NEW YORK/MILWAUKEE (Reuters) - A deadly blast of arctic air shattered decades-old temperature records as it enveloped the eastern United States on Tuesday, snarling air, road and rail travel, driving energy prices higher and overwhelming shelters for homeless people.
At least nine deaths have been reported across the country connected with the polar air mass that swept over North America during the past few days. Authorities have put about half of the United States under a wind chill warning or cold weather advisory.
Temperatures were expected to be 25 degrees to 35 degrees Fahrenheit (14 to 19 degrees Celsius) below normal from the Midwest to the Southeast, the National Weather Service said.
PJM Interconnection, the agency that oversees the electric grid supplying the mid-Atlantic and parts of the Midwest, said electricity suppliers were struggling to keep up with surging demand as the cold forced some power plants to shut.
“This particular cold is far-reaching, and most of our neighbors are experiencing the extreme conditions we are,” said Michael Kormos, executive vice president for operations at PJM Interconnection.
Oil refiners were also hit, with Marathon Petroleum Corp and Exxon Mobil Corp both experiencing cold-related outages.
In Oklahoma, a depleted supply of propane due to extreme weather led Governor Mary Fallin to declare a state of emergency, waiving licensing requirements for out-of-state transportation companies to allow them to bring in propane.
Homeless shelters and public buildings took in people who were freezing outside.
Daniel Dashner, a 33-year-old homeless man who typically sleeps under a bridge on Milwaukee’s south side, said he opted to seek a spot at a shelter on Monday night.
“Usually if I have four or five blankets, I can stay pretty warm, but when that wind is blowing, I don’t care how many blankets I have, the wind blows right through me,” he said, as temperatures dropped to minus 6 degrees Fahrenheit (minus 21 degrees Celsius).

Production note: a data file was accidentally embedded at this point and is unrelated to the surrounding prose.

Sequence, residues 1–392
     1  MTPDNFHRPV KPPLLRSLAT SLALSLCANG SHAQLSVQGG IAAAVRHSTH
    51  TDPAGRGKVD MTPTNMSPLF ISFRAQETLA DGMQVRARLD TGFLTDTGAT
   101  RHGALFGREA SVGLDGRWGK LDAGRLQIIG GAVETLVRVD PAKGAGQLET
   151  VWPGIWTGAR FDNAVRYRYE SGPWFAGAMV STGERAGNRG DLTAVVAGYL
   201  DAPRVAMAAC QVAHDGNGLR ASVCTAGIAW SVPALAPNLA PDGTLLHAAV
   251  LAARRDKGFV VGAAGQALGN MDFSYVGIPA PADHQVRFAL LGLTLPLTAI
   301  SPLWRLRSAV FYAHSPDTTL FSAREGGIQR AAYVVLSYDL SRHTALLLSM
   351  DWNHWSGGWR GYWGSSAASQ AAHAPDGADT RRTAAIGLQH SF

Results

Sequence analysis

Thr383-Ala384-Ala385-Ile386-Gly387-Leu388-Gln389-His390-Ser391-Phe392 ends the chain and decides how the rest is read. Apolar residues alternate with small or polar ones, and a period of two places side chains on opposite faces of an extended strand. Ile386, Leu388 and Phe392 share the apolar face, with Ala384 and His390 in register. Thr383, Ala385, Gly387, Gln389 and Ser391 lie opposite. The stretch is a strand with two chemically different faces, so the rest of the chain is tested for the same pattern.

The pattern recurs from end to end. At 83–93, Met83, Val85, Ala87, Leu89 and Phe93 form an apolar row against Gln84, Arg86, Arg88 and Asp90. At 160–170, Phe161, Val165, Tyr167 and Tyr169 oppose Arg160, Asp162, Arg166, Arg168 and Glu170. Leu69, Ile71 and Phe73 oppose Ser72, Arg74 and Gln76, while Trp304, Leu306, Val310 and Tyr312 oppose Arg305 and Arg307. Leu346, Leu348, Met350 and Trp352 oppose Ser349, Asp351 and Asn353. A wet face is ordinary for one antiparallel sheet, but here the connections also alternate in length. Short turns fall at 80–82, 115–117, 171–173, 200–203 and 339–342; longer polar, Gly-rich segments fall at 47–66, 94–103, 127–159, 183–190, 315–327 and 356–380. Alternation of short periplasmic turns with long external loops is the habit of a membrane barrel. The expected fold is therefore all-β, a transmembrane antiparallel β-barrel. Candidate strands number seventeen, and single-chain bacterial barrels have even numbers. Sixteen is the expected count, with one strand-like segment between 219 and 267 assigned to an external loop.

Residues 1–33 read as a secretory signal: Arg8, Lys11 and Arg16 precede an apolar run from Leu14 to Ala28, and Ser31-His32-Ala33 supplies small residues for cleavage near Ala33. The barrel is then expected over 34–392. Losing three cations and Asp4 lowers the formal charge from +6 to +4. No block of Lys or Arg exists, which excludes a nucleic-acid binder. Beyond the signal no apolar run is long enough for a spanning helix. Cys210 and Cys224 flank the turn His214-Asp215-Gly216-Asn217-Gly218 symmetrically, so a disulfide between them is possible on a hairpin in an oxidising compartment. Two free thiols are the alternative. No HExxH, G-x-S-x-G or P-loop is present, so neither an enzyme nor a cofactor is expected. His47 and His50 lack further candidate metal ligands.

The extreme cold won’t last much longer, according to AccuWeather.com. The frigid air and “polar vortex” that affected about 240 million people in the United States and southern Canada will depart during the second half of this week, and a far-reaching January thaw will begin, according to AccuWeather.com.
COLD‘S BROAD REACH
Major U.S. cities were in the grip of temperatures well below freezing, with Chicago seeing 2 degrees Fahrenheit (minus 17 C), Detroit 0 F (minus 18 C), Pittsburgh 5 F (minus 15 C), Washington 19 (minus 7 C) and Boston 15 F (minus 9 C).
New York’s Central Park recorded the lowest temperature for the date, 4 Fahrenheit (minus 16 C), rising to 9 F (minus 13 C) on Tuesday afternoon with wind chills making it feel much colder, meteorologists said.
At New York’s Bowery Mission homeless shelter, the 80-bed dormitory was full on Monday night and 179 other people slept in the chapel and cafeteria, officials said.
Schools in Minneapolis and Chicago were closed for a second day on Tuesday, although Chicago plans to reopen schools on Wednesday. Cleveland remained below freezing after temperatures fell to minus 11 F (minus 24 C) on Monday, breaking a 130-year-old record.